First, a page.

Before writing was used as a means for communication, ancient civilizations relied on pictorial representations of objects, which included visual representations of medical concepts. Medical illustrations date back to 15,000 BCE, and have continued to evolve over time. Over the course of many millennia, advancements in art and technology have accelerated the field of medical illustration.
Today, the industry represents a small yet diverse group of medical professionals who are trained in both medicine, specifically the study of anatomy, as well as media and visual communication.
Jean-Paul Acco, a former medical illustrator at the Montreal Neurological Institute and Hospital, spoke about his experience in the field over the last three decades.
“[My] role as a medical illustrator [was] to try to make things understood,” Acco said in an interview with The McGill Tribune. “Back in the ‘90s, [medical] students would explain their project to me and I would then make the illustration.”
Being a medical illustrator often demands working with other professionals like writers, photographers, and filmmakers toward the holistic communication of complex concepts. Medical illustrators work with photographers when documenting surgical procedures to detail or enhance the part of the body or procedural aspect they wish to portray in their illustrations.
Dr. Nancy Posel, director and co-founder of the Patient Education Office at the McGill University Health Centre (MUHC), believes medical illustrations are essential to improving patient care.
“For [many] patients, the issue is one of literacy,” Posel said in an interview with the Tribune. “[Medical] literacy levels in North America are very low. Therefore, if you are doing illustrations, […] do it from a pedagogical perspective and keep it very simple. [Patients] simply need to know how they can best take care of themselves.”
Numerous studies have shown that visual aids help patients better understand medical information that doctors otherwise provide verbally.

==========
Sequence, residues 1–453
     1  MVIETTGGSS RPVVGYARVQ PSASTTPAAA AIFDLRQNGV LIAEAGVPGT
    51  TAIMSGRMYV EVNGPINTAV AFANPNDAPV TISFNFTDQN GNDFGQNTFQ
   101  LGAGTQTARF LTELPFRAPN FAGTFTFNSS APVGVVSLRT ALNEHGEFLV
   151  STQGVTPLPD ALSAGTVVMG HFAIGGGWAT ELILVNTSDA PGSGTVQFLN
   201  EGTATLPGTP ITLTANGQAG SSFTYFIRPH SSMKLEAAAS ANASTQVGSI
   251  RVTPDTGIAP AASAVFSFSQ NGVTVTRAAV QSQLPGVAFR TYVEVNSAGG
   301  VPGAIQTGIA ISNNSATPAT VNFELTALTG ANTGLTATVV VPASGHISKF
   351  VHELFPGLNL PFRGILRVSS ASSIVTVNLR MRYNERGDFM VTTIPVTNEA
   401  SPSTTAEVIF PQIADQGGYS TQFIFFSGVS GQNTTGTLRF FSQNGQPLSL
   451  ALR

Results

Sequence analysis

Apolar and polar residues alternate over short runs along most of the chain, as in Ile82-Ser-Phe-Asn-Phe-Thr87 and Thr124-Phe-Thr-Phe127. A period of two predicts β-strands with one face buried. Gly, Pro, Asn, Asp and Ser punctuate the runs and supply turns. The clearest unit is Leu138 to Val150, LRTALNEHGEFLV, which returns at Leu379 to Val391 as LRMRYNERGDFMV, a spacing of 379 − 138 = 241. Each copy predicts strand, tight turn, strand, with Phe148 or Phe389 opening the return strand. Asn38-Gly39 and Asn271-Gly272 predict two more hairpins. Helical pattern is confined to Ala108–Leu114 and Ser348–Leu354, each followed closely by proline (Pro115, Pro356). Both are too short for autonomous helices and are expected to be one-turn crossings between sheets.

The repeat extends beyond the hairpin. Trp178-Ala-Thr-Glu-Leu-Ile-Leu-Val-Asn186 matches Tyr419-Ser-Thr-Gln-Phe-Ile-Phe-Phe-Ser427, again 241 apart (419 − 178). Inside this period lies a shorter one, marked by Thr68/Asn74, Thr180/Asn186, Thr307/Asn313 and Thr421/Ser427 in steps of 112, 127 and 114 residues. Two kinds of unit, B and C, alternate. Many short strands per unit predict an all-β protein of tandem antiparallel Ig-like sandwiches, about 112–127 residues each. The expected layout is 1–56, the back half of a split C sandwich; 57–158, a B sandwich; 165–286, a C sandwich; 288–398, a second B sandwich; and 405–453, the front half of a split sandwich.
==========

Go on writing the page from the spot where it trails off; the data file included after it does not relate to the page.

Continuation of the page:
Posel recognizes that, depending on the audience, communication styles differ. Medical illustration targeted for patient understanding would look very different from diagrams geared toward educating doctors.
Acco spoke to the heightened importance of medical illustration for understanding symptoms and diagnoses in times of crisis, such as the ongoing COVID-19 pandemic.
Although most people are aware of public health guidelines concerning COVID-19, misinformation and disinformation can prevent individuals from attaining a complete understanding of how the virus affects their physical wellbeing. Unable to see the damage that the virus can do to their bodies, it can be difficult for patients to understand its potential complications.
Medical art and illustration have realized the potential of visual communication since they make the unseen visible. Illustration can also bridge language barriers by communicating vital information as well as dispelling fears for audiences who speak a different language than their physicians.
“Images are needed to expand one’s comprehension,” Posel said. “They need to understand what could happen.”
Acco spoke to how illustration can help to prevent miscommunication and lack of compliance with public health directives. In depicting COVID-19 and its effects on the body pictorially, many who look past mask ordinances may think again before doing so.
“This is why you need the mask,” Acco said, as if speaking directly to the viewers of his drawings. “This is why it helps you. You want everyone to understand one thing.”
The transmission of medical information through visual media remains an essential communication tool between medical professionals, their colleagues, and their patients, not unlike early practitioners of millenia past. With the growth of digital media and improvements in the tools available to artists, medical illustrators will continue to imagine new ways of visualizing the body and its many ailments.